HIT Think

How the budget deal enables IT to better support health programs

Register now

Early Friday morning, just hours past the midnight deadline for a government shutdown, Congress took bipartisan action that ushered in big wins for two key health IT priorities—expansion of telehealth and passage of a budget vehicle to allow for increased health spending.

Here’s the importance behind this key legislative activity on Capitol Hill this week and how it will impact the health IT community.

Raising the caps
The Senate and House passed a bipartisan, two-year budget deal to raise the spending caps on both defense discretionary and non-defense discretionary spending (as opposed to “mandatory” spending programs such as Medicaid, Medicare, and Social Security where funds generally flow automatically). Non-defense discretionary spending includes everything from public health to aging, education, veterans programs, nutrition and many other areas vital to the welfare of our nation.

From the HIMSS perspective, “raising the caps” enables Congress, and eventually federal agencies, to respond to both the growing needs of our military and the evolving health needs and threats facing all Americans. Health information and technology can be a key tool in supporting this by accelerating national priorities, including advancing medical and health services research, responding to infectious disease outbreaks, and combating the opioid crisis.

Advancing health policy priorities
Attached to the budget deal was a continuing resolution to fund the government through March 23 to give appropriators time to develop final Fiscal Year 2018 spending levels based on the new budget parameters. As often occurs, additional priority policies were addressed in the larger package as well, including the CHRONIC Care Act, which passed the Senate by unanimous consent in September 2017.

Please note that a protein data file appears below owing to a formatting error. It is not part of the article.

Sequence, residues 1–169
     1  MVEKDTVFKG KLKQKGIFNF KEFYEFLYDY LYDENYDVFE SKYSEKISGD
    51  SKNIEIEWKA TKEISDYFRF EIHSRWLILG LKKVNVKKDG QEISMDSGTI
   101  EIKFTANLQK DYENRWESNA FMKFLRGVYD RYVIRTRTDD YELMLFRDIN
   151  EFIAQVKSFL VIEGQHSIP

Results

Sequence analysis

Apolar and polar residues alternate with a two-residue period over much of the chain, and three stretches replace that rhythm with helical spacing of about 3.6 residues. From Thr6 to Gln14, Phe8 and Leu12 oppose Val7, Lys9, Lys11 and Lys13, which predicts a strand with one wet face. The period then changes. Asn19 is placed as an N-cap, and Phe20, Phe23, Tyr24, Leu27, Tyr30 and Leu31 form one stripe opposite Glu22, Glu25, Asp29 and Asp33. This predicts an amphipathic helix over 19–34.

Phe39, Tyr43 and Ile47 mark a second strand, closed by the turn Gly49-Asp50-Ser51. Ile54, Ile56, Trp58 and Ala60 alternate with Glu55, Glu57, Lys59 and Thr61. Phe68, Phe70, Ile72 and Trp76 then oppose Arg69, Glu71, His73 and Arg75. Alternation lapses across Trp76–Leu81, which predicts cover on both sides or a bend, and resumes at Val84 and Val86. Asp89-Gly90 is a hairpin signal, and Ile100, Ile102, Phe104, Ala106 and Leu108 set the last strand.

The CHRONIC Care Act, which HIMSS provided technical feedback on during its development and strongly supports, seeks to modernize Medicare to improve the management of chronic disease, streamline care coordination, and improve quality outcomes.

With those goals in mind, the Senate Finance Committee put a marker down by including provisions to expand access to telehealth for Medicare beneficiaries receiving dialysis, patients in need of a neurological consult for stroke, and those enrolled in Medicare Advantage or an Accountable Care Organization. It also extends the Independence at Home Medical Practice Demonstration Program (IAH), which provides a home-based primary care benefit to high-need Medicare beneficiaries with multiple chronic conditions.

Despite the momentum behind telehealth on Capitol Hill in recent years, only a small handful of bills (all narrow in scope) made it over the finish line in each chamber, and even fewer ultimately were signed into law. In this case, a more comprehensive set of telehealth policies was able to “hitch a ride” on a spending package that addressed a number of priorities for the healthcare community—funding for Community Health Centers, the National Health Service Corps and key Medicare programs vital to rural community hospitals, among other critical programs.

Passage of the CHRONIC Care Act telehealth provisions marks an important step forward for connected care. Congress, HHS and the healthcare community have much more work to do to modernize Medicare to increase use of remote patient monitoring and set the stage for realizing the potential of the many innovative technologies coming down the pike. Ultimately, as HIMSS has stated in the past, policy should promote, not hinder, better care and healthier outcomes for patients.

No deal is perfect
While spending will rise overall under the new budget caps, it’s important to acknowledge that certain key programs were used as offsets to the package. One notable offset is a sizable cut to the Prevention and Public Health Fund, the nation’s first mandatory funding stream dedicated to improving the public health system. This underscores the need to ensure that health appropriations receive a proportional share of the overall non-defense discretionary budget cap increase.

In the end, no deal is perfect, but this deal does provide tools, in the form of funding and policy changes, to better enable the health information and technology community to be a strong partner in addressing the many public health and healthcare challenges our nation will face into the future.

For reprint and licensing requests for this article, click here.